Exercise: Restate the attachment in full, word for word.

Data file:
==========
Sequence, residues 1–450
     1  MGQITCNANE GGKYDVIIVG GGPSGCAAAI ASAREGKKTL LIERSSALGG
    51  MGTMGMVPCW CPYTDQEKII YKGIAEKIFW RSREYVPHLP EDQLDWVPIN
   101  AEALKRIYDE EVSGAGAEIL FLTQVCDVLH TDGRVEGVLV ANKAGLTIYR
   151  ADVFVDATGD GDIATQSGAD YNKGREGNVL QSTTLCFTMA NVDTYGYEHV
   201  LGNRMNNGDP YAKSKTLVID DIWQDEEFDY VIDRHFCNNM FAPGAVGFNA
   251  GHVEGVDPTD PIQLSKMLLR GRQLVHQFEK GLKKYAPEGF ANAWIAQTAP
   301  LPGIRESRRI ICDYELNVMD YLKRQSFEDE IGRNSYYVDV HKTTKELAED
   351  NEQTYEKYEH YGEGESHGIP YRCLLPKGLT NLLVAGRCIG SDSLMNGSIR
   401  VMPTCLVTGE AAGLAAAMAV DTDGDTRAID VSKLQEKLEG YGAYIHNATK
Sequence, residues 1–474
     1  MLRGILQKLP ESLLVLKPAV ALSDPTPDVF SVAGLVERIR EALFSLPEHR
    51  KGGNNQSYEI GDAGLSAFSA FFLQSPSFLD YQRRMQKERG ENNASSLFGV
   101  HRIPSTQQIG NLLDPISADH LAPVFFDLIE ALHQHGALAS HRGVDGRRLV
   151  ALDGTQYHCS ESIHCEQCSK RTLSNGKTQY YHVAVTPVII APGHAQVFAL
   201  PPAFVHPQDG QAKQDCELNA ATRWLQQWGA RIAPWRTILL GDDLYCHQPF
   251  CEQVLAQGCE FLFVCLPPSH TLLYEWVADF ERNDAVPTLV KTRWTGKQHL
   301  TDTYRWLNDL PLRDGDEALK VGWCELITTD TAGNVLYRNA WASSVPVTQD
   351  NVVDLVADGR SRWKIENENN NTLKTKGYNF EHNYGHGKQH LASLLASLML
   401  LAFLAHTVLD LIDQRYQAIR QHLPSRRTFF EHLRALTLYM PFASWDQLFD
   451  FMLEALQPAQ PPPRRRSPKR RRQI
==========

Sequence, residues 1–450
     1  MGQITCNANE GGKYDVIIVG GGPSGCAAAI ASAREGKKTL LIERSSALGG
    51  MGTMGMVPCW CPYTDQEKII YKGIAEKIFW RSREYVPHLP EDQLDWVPIN
   101  AEALKRIYDE EVSGAGAEIL FLTQVCDVLH TDGRVEGVLV ANKAGLTIYR
   151  ADVFVDATGD GDIATQSGAD YNKGREGNVL QSTTLCFTMA NVDTYGYEHV
   201  LGNRMNNGDP YAKSKTLVID DIWQDEEFDY VIDRHFCNNM FAPGAVGFNA
   251  GHVEGVDPTD PIQLSKMLLR GRQLVHQFEK GLKKYAPEGF ANAWIAQTAP
   301  LPGIRESRRI ICDYELNVMD YLKRQSFEDE IGRNSYYVDV HKTTKELAED
   351  NEQTYEKYEH YGEGESHGIP YRCLLPKGLT NLLVAGRCIG SDSLMNGSIR
   401  VMPTCLVTGE AAGLAAAMAV DTDGDTRAID VSKLQEKLEG YGAYIHNATK
Sequence, residues 1–474
     1  MLRGILQKLP ESLLVLKPAV ALSDPTPDVF SVAGLVERIR EALFSLPEHR
    51  KGGNNQSYEI GDAGLSAFSA FFLQSPSFLD YQRRMQKERG ENNASSLFGV
   101  HRIPSTQQIG NLLDPISADH LAPVFFDLIE ALHQHGALAS HRGVDGRRLV
   151  ALDGTQYHCS ESIHCEQCSK RTLSNGKTQY YHVAVTPVII APGHAQVFAL
   201  PPAFVHPQDG QAKQDCELNA ATRWLQQWGA RIAPWRTILL GDDLYCHQPF
   251  CEQVLAQGCE FLFVCLPPSH TLLYEWVADF ERNDAVPTLV KTRWTGKQHL
   301  TDTYRWLNDL PLRDGDEALK VGWCELITTD TAGNVLYRNA WASSVPVTQD
   351  NVVDLVADGR SRWKIENENN NTLKTKGYNF EHNYGHGKQH LASLLASLML
   401  LAFLAHTVLD LIDQRYQAIR QHLPSRRTFF EHLRALTLYM PFASWDQLFD
   451  FMLEALQPAQ PPPRRRSPKR RRQI